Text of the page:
AS BOXING buffs reeled from the injustice of a draw for Lennox Lewis and Europe smarted from wholesale resignations at the Commission, Britain's teachers emerged as the unhappiest group of workers in the public sector.
A report by economists at Warwick University confirmed that job satisfaction in the classroom fell sharply during the 1990s, with the squeeze on pay having a less significant effect than constant assessment and a tougher working environment. But it also suggested that the more highly-qualified people are, the less satisfied they are with their work, perhaps because of the gap between aspirations and outcomes - so perhaps teachers are miserable because they're too highly qualifiedI Members of the European Commission on Human Rights said that Jamie Bulger's killers, Robert Thompson and Jon Venables, had been denied a fair trial because at the age of 11 they were tried in an adult court in the full glare of publicity. The ruling, if backed by the European Court of Human Rights, could force a change in the way Britain tries juveniles accused of serious crime, perhaps to the system of family courts used in other European countries.
The National Society for the Prevention of Cruelty to Children launched a series of shocking television advertisements, the first taste of an ambitious 20-year campaign to stop abuse of children, estimated to cause at least one death a week in the UK.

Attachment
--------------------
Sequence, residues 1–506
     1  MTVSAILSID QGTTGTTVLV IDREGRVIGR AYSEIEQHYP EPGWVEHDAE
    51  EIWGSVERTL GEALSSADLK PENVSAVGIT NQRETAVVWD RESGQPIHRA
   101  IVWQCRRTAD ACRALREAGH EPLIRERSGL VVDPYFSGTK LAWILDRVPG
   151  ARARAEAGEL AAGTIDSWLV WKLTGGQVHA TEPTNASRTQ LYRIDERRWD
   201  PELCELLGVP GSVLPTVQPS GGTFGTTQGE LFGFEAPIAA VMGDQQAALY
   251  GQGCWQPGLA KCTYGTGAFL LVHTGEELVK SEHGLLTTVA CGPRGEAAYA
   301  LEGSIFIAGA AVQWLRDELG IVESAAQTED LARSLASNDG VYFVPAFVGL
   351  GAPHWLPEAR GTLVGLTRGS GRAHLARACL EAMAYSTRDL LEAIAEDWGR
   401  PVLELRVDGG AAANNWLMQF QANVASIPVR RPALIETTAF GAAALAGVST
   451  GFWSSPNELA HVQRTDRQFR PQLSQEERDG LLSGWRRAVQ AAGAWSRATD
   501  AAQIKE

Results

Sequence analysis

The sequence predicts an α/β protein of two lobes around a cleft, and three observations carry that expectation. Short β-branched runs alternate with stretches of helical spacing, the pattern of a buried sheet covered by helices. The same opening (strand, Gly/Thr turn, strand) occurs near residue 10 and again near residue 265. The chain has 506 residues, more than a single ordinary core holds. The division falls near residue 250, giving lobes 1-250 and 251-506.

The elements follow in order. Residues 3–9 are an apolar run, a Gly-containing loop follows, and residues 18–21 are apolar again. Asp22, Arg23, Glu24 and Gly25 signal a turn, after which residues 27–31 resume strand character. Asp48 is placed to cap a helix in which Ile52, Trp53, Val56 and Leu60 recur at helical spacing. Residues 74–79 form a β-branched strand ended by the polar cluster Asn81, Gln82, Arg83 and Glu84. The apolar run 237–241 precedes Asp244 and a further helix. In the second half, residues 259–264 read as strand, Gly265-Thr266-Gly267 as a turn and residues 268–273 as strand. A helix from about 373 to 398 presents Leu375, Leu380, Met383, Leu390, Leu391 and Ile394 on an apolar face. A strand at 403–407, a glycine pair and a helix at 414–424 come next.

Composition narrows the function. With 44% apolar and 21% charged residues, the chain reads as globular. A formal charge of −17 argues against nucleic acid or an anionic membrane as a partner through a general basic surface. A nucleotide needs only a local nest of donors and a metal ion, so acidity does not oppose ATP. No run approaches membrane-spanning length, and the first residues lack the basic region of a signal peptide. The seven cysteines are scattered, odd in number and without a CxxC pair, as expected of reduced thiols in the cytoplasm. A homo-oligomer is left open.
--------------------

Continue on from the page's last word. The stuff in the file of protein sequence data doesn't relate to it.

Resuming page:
Is the Church of England going soft? It was revealed that its new Remembrance Day service had changed the words of Onward, Christian Soldiers to "Onward Christian Pilgrims, Up the Rocky Way."
No sign of softness from the British bobby who, while on holiday, fearlessly tackled an armed robber in Central Park and was hailed as "one of New York's finest" by the mayor, Rudolph Giuliani.
A call for American-style security guards in inner city schools was made in a new book by Martin Johnson, next year's president of the National Association of Schoolmasters Union of Women Teachers. Teachers should be spared the job of patrolling the corridors to concentrate on their lessons, he said.
As the National Union of Students was thought likely to lurch to the Left at this week's annual conference, former NUS president Trevor Phillips put us all out of our misery by saying he would, after all, be standing for Mayor of London. The black television producer and TES columnist has leaned to New Labour since his student days; he even has two children at independent school.
The Prince of Wales, having caused dismay in Argentina by asking its people to live "amicably" with their offshore neighbours, decided to avoid further controversy when he visited the Falkland Islands. He was last seen, leaning on his crook, communing with the penguins.